Subodh SARKAR (poet, translator, editor, non-fiction prose writer, India) has published 29 books of poems. Among his honors are the Gangadhar Meher National Award from Sambalpur University, and the Sahitya Academy Award. A former editor of Indian Literature and the president of the Kobita (poetry) Academy, West Bengal, he is currently at work on an autobiography in poetry. His visiting professorship at the University of Iowa is funded by the Nehru-Fulbright Fellowship.
Legodile ‘Dredd X’ SEGANABENG (poet, fiction and nonfiction writer; Botswana) is a high school art teacher and spoken-word poet, performing regionally in Southern Africa, and across the country of Botswana. A recipient of the Bessie Head Literature Award, he frequently writes on human rights and women’s rights. His first novel, Josie, is being published in 2016. He participates courtesy of the U.S. Embassy in Gaborone.
Vivek SHANBHAG (fiction writer, playwright; India), engineer by training, is the author of two plays, five short-story collections and three novels. His writing has appeared in Granta, Seminar, and Indian Literature; his most recent novel, Ghachar Ghochar, appeared in English in 2016. He writes in Kannada, and is the founder of the literary magazine Desha Kaala. His participation is made possible by the William B. Quarton Fund through the Cedar Rapids Community Foundation and the U.R. Ananthamurthy Fund for Karnataka Culture through the University of Iowa.
SHIBASAKI Tomoka 柴崎友香 (fiction writer; Japan) is a novelist. In 2003 her first book, Kyō no dekigoto, was made into a film. Her work appears in literary magazines; several stories have been published in English translation. Her novel Sono machi no ima wa (2006) won the MEXT Award for New Artists; in 2014 her novella Haru no niwa won the Akutagawa Prize. Her participation is made possible by the Japan Foundation.
Stephanos STEPHANIDES (poet, memory-fiction writer, translator, filmmaker; Cyprus) is professor of English and Comparative Literature at the University of Cyprus. In 2005 he published Blue Moon in Rajasthan and Other Poems; in 2008 he won the first prize for video poetry for Poets in No Man’s Land at the Nicosia International Film Festival. His poetry has been published in a dozen languages; he has served as a judge for the 2000 and the 2010 Commonwealth Writers Prize. His participation is made possible by an anonymous donation to the IWP.
Henriikka TAVI (poet, fiction writer, translator; Finland) teaches creative writing, collaborates with artists from different art branches, and translates from the Swedish and German into Finnish. She is a founding member of Poesia, a poetry publishing cooperative, and the author of 12, an experimental poetry book project. She participates courtesy of the Bureau of Educational and Cultural Affairs at the U.S. Department of State.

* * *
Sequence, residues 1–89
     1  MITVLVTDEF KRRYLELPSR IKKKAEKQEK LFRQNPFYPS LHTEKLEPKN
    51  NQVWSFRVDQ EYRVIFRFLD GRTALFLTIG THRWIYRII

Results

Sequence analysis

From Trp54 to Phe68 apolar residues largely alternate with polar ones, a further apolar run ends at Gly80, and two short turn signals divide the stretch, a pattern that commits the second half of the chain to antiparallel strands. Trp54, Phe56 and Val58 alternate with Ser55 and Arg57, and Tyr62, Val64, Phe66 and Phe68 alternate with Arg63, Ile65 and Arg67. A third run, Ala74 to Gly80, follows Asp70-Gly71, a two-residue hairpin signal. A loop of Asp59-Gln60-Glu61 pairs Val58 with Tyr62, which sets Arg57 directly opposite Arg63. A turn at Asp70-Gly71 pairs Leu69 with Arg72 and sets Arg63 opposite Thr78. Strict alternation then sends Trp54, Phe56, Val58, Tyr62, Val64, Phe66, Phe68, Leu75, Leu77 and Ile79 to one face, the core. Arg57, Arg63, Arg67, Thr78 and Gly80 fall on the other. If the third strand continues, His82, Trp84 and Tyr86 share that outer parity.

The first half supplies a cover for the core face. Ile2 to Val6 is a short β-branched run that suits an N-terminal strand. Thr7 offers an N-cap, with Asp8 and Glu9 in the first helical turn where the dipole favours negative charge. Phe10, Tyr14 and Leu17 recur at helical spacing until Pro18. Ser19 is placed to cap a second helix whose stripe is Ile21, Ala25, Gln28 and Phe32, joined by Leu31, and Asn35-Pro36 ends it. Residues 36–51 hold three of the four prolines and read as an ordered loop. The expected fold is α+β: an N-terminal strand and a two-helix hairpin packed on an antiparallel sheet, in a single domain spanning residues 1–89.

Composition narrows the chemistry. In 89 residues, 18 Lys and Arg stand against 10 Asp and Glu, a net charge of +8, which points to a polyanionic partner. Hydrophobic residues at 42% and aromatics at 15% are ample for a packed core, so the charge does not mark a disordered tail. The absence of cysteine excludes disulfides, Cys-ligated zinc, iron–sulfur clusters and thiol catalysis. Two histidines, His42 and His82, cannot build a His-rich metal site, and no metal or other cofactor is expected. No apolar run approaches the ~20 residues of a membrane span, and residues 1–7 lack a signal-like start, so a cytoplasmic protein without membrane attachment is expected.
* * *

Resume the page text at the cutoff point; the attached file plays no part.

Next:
Mariano TENCONI BLANCO (playwright, Argentina) has written nine plays and directed several plays and operas; his work had been performed in many countries. Among his awards is the first prize for New Playwright given by the Buenos Aires Ministry of Culture for [Everything would make sense if death did not exist] (2015). He participates courtesy of the Bureau of Educational and Cultural Affairs at the U.S. Department of State.
Tetiana TROITSKAYA (fiction writer, poet, nonfiction writer; Ukraine) graduated from the Skovoroda National Pedagogical University in Kharkiv, and now teaches English philology there. Her novel Akvamaryn dlia vodoleyi won the 2012 Oles Honchar Prize. Her participation is made possible by the William B. Quarton Fund through the Cedar Rapids Community Foundation and the U.S. Embassy in Kyiv.
TSE Hao Guang 谢皓光 (poet; Singapore) is the author of hyperlinkage (2013) and Deeds of Light (2015); the latter was shortlisted for the 2016 Singapore Literature Prize. He co-edits the literary journal OF ZOOS, is the essays editor of poetry.sg, and is co-editing UnFree Verse, an anthology of Singaporean poetry. He participates courtesy of the Singapore National Arts Council.
Christine YOHANNES (poet, writer, translator; Ethiopia) conducts poetry workshops in schools and is the founder of the monthly “Poetic Saturdays” gathering, where everyone can express themselves through art. Missing Words, a poetry collection, appeared in 2014. She participates courtesy of the U.S. Embassy of Addis Ababa.
Alice S. YOUSEF (poet, translator; Palestinian Territories) publishes poetry on her blog “Blooms in Indigo,” writing on the Middle East, the Palestinian experience, and the emotions of daily life. She has also published short stories and translations. She has a MA in Writing from the University of Warwick (UK). She participates courtesy of the Bureau of Educational and Cultural Affairs at the U.S. Department of State.
ZHOU Jianing 周嘉宁 (fiction writer, translator; China) has published seven novels and two short story collections, as well as Chinese translations of major English-language writers such as Flannery O’Connor and Joyce Carol Oates. Her most recent novel, [In the Woods], was published in 2014. Her participation is made possible by the Paul and Hualing Engle Fund.